Congress Is Turning The Heat Up On Blinken For His Role In Afghan Withdrawal Disaster

Monday afternoon Secretary of State Antony Blinken will appear before the House Foreign Affairs Committee where he will no doubt be questioned about the way the White House handled the evacuation from Afghanistan since the U.S. military withdrawal.

Congress, as well as the terrified American citizens, green card holders, and Afghan allies that were left stranded in the now Taliban-controlled, will be looking for answers about how it happened.

"I have a lot of questions for Antony Blinken, as do all the Republicans and I'm sure many of our Democratic friends," committee member Rep Claudia Tenney, R-N.Y., said in an interview. "Look, right now, we have families that are still stranded."

Tenney spoke of one family of green card holders, the only American citizen was a 3-year old, the family was told that only one parent could go with the child, the rest of the family of seven would have to stay behind in Afghanistan.

"So this is just completely unacceptable. And It's part of the debacle that has been this policy and Secretary Blinken needs to answer that."

Tenney said that so far Blinken has only given "inadequate responses" to the situation, "including, don't rely on the U.S. government to get you out of Afghanistan."

Tenney said she also intends to address whether Blinken "is actually going to recognize the Taliban government, a terrorist organization, as a legitimate government."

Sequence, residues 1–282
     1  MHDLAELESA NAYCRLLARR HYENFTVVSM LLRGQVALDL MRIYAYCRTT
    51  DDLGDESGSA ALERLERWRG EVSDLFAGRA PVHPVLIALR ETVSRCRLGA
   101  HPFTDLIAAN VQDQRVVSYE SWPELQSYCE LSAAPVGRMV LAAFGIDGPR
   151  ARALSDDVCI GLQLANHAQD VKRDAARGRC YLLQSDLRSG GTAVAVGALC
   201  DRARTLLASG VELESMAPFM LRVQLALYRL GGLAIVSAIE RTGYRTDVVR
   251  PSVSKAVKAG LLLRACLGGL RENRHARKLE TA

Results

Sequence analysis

Sirajuddin Haggani is on the FBI's most-wanted list and the Taliban just announced him as a cabinet member.

Rep. Greg Steube, R-Fla,. expressed his concern that he and others on the committee won't even have the opportunity to question Blinken citing Blinken's history of leaving early.

"Each time Mr. Blinken comes to our committee...he only comes for maybe two or three hours," Steube said.

Not everyone feels the same about the withdrawal, Rep. Brad Sherman, D-Calif., defended the Biden administration concerning the evacuation and withdrawal.

"Let's face it, this mission was fraught with peril, because there's no way to flee without causing a stampede, and there's no way to have a stampede that's orderly and meritorious," Sherman said.

It remains unclear just how many U.S. citizens or permanent residents are still stranded in Afghanistan. Qatar has been helping people fly out on Qatar Airways, meanwhile, others have literally escaped by traveling over land.

Friday, Blinken said that two American citizens and 11 lawful permanent residents escaped over land that day and 19 citizens flew out of Afghanistan. Adding that the White House is doing all it can to uphold the commitment to those to whom we have a special commitment.

Perhaps it would be helpful if Blinken went to Afghanistan and then had to travel back "over land," maybe then he would be ready to answer a few questions.

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